Your Greatest Critic

Nobody tells you that when your long-awaited child arrives, born with it is a deep sense of guilt. It buries itself within your chest, and will remain with you always.

Even those of us who are confident that we are generally good parents still carry this guilt. It twinges when we recall times that we lost our tempers and raised our voices. It rears it’s ugly head when we must tell our toddlers that mummy can’t play right now, mummy’s busy. When we look back over our children’s lives, it reminds us of all of the things we did wrong.

your greatest critic

I tend to believe that this guilt, although uncomfortable, can be a positive thing. It forces us to examine ourselves as parents, and motivates us to do better in the future. It doesn’t allow us to overlook our raised voices and less-than-positive words to our children. It helps us to learn and grow in our roles as parents, and steers us towards the right choice. It is this guilt that makes us good parents.

Sometimes, it is easy to believe that others are judging and criticising us for our parenting choices, especially if you feel insecure in the decisions you’ve made.

However, I personally believe that our greatest critics are ourselves. And this is no wonder given the  world we live in. Up to date information and a diverse range of differing opinions and theories are available at our fingertips via the internet, and although this is helpful, it can cause us to over-examine things at times.

Take this as an example – I am a babywearer. For the first 7 weeks of Squish’s life, he spent pretty much all day in the sling. He didn’t ride in a pushchair until he was 2 months old, and even now his pushchair use is sporadic. However, I don’t feel judged for carrying my baby everywhere – on the contrary, I feel judged for NOT wearing him on the rare occasions that he goes in the pushchair instead of the sling. This is simply down to the fact that I am well aware of the benefits of babywearing, and want only the best for my child. It’s easy to forget that not everybody is as passionate about natural parenting practices as I am, and that there are very few (sane) people in the world who would accuse me of being a bad mother purely on the basis of how I choose to transport my child.

And you know what? I used to feel ashamed when buying formula, too (my oldest son was combination fed). At the checkout I would have to suppress the rising urge to inform the shop assistant, and anybody else who happened to be within earshot, that I was in fact breastfeeding almost entirely. And I’ll bet for damn sure that those people couldn’t have given a rats backside how I was feeding my baby.

It’s something I am working on. Yes, I am guilty of making snap judgements about others – aren’t we all – but I correct myself immediately and remind myself that there is a multitude of possible reasons why people make the choices that they do, and quite frankly, it is none of my flippin’ business anyway. Who the hell am I to judge? And I’ll bet that most other mothers feel this way, and go through a similar thought process as I do.

The moral of the long, rambly story – Guilt is not a bad thing, in moderation.  Own your decisions, own the cards you were dealt, learn from them and move on – and when that nasty, self depreciating voice arises in your mind, dismiss it and remind yourself that you are, in fact, a good parent.  After all, if you weren’t a good parent, you wouldn’t care.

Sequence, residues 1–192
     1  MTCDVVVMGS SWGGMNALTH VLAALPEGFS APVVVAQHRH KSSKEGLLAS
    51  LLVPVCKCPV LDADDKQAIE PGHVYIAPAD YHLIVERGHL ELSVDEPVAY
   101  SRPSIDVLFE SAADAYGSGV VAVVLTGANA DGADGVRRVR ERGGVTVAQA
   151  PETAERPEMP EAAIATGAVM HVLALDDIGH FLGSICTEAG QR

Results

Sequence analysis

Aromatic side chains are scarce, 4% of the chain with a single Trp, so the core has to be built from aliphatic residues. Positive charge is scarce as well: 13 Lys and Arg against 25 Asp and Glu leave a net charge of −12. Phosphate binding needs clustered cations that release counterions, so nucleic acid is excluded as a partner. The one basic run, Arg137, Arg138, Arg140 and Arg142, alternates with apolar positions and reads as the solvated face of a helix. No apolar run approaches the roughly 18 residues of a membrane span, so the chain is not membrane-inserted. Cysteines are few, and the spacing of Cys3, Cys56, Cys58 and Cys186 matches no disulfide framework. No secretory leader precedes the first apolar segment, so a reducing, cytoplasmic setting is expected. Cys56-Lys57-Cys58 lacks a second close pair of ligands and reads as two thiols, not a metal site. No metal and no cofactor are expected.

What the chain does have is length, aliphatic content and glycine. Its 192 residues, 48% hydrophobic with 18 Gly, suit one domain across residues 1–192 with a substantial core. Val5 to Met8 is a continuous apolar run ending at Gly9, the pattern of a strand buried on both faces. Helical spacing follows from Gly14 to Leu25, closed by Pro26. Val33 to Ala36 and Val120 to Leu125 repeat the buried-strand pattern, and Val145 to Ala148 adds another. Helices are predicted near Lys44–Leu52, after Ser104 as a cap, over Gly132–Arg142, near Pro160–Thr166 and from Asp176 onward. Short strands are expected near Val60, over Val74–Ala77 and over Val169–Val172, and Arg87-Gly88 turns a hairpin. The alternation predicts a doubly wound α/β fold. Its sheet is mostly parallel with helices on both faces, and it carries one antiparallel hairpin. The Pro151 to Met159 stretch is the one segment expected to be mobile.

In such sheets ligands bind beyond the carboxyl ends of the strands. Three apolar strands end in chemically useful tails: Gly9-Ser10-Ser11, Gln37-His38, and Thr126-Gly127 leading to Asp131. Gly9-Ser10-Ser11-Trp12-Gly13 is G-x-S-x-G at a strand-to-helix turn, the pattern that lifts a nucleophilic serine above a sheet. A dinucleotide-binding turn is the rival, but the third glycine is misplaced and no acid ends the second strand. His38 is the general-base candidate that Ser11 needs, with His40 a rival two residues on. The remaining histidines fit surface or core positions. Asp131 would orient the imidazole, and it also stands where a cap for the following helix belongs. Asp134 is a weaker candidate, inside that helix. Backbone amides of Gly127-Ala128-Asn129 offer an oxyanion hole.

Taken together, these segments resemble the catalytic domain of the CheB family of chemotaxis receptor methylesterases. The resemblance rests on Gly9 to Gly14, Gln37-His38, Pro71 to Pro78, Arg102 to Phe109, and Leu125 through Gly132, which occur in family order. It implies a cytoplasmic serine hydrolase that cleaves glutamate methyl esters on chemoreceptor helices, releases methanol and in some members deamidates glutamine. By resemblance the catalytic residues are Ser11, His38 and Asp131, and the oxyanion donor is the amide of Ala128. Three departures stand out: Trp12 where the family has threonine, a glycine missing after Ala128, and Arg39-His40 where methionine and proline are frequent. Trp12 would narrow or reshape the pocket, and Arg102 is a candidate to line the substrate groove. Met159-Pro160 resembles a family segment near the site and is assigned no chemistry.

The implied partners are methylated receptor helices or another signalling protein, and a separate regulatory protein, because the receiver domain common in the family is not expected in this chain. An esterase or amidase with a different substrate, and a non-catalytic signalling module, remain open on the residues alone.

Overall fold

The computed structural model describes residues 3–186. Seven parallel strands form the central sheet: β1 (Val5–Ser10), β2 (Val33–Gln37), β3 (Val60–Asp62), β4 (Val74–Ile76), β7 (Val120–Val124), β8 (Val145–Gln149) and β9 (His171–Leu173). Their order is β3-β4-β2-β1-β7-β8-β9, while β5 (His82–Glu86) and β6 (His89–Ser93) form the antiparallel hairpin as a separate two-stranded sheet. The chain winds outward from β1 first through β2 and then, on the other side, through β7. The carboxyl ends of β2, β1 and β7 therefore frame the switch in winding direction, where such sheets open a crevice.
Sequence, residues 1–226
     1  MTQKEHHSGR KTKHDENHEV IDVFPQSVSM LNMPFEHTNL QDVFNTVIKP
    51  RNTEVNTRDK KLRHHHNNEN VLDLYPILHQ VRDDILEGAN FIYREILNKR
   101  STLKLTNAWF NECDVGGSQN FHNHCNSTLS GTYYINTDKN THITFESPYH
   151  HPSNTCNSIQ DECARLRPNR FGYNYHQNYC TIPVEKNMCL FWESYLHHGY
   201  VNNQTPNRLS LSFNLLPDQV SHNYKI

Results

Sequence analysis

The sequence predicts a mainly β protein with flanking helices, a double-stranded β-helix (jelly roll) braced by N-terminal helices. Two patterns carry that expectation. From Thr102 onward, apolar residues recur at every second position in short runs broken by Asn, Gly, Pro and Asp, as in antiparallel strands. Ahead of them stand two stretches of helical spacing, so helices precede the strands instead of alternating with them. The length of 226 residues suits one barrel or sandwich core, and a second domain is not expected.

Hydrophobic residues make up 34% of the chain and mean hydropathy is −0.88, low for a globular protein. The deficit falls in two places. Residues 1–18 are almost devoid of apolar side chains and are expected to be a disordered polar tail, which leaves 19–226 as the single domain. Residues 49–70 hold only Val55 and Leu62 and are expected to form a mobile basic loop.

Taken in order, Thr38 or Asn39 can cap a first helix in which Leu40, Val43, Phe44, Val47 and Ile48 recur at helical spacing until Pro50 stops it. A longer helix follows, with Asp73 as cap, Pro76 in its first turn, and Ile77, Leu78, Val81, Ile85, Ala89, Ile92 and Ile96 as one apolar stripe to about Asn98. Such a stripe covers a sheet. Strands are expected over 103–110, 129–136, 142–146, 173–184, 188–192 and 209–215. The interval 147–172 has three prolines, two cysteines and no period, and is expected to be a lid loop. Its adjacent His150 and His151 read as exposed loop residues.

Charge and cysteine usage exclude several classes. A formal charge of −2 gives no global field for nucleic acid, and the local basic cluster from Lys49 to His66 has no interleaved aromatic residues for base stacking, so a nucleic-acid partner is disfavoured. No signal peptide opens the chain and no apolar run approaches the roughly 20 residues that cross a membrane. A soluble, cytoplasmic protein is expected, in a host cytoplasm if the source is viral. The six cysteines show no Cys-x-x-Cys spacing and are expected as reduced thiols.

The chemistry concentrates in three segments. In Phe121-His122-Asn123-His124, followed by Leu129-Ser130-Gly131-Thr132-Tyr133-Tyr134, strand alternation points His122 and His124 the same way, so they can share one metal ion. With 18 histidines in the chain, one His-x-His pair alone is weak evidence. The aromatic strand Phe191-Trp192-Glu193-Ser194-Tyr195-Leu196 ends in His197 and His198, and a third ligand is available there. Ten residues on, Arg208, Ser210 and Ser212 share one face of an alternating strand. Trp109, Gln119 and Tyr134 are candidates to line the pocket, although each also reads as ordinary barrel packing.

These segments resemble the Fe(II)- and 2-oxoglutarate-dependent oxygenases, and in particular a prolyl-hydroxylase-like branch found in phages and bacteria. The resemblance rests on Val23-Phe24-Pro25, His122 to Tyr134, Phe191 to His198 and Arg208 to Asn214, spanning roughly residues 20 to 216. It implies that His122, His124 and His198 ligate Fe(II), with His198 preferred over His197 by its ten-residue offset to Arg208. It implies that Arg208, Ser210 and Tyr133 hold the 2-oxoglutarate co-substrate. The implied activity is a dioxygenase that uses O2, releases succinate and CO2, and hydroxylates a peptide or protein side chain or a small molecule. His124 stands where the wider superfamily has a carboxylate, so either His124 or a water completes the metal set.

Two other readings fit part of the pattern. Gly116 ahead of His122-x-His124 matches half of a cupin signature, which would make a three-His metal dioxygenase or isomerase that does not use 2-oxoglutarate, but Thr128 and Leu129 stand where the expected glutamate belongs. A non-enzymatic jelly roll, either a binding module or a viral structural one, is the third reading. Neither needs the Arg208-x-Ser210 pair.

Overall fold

Comments

  1. says

    Just recently, I’ve worked through a lot of guilt about our first born and it made me realize that everybody feels guilty about practically everything. Nobody is immune. I feel guilty when I look at my son’s first picture of his life and a big bright hospital light is shining in his eyes. Really? 99% of American babies are born in hospitals and this makes me feel guilty? Ridiculous.

    And, I am way way too quick to judge mamas who do these differently than me…..maybe that should be my New Year’s Resolution….

    I like this post a lot!

    • says

      Oh I know exactly what you mean. My eldest was a medicated hospital birth which i found very degrading and traumatic, and it was followed by months of PPD. I still feel so guilty that he didn’t get the same great start in life that his little brother did. But you’re right, everybody feels guilty about something, and if it wasn’t that it would be something else!

      And good on you for admitting that you judge others too. Everybody does it, and like guilt, no-one is immune. I think i’ll make it my new years resolution too :) thanks for commenting!

  2. says

    So, so true! When I feel the guilt rising (usually accompanied by a hot flush of anger) I now take stock of what is triggering it and it almost always comes from within.

    Lol about the formula buying – I was exactly the same. Probably bought 5 cans all up and each time I would feel like the other people in the aisles were judging me harshly.

  3. April says

    I think that the amount of guilt we feel is related to (and fluctuates with) our self esteem. Whenever we have a doubt in our self esteem, we doubt our decisions (parenting among them) and we feel guilt about whatever it is we ‘should’ be doing. Perhaps working on raising our self esteem independent of our parenting will be reflected in how we feel about ourselves as parents. Then, when we feel better about ourselves as parents, we might feel less guilt about our decisions.

Leave a Reply

Your email address will not be published. Required fields are marked *

You may use these HTML tags and attributes: <a href="" title=""> <abbr title=""> <acronym title=""> <b> <blockquote cite=""> <cite> <code> <del datetime=""> <em> <i> <q cite=""> <strike> <strong>

Notify me of followup comments via e-mail. You can also subscribe without commenting.